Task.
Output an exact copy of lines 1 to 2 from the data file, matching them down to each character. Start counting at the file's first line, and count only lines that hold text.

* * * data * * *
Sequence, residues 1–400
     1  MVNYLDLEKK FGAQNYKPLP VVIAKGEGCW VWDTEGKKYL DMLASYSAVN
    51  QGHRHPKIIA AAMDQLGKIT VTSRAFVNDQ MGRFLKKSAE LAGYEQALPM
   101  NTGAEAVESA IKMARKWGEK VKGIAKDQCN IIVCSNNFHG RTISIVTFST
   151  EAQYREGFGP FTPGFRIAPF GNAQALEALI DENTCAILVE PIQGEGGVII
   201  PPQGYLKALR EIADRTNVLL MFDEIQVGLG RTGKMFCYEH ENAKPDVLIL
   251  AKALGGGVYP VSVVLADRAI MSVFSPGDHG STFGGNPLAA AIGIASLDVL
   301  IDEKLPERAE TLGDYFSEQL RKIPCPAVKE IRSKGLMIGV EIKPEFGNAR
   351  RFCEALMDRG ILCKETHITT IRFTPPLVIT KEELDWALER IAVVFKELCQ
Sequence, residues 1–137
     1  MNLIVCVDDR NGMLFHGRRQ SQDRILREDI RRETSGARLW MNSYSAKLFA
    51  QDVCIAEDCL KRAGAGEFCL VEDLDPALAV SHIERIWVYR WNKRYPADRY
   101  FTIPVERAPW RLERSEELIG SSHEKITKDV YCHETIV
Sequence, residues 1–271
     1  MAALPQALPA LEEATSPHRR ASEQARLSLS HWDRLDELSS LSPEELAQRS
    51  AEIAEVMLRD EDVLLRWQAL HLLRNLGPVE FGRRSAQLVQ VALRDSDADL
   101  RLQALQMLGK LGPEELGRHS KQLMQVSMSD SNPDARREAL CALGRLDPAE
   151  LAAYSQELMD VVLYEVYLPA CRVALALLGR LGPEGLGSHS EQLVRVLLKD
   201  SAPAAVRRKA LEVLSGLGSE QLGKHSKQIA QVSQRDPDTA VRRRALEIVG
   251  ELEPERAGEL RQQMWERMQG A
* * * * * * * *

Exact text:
Sequence, residues 1–400
     1  MVNYLDLEKK FGAQNYKPLP VVIAKGEGCW VWDTEGKKYL DMLASYSAVN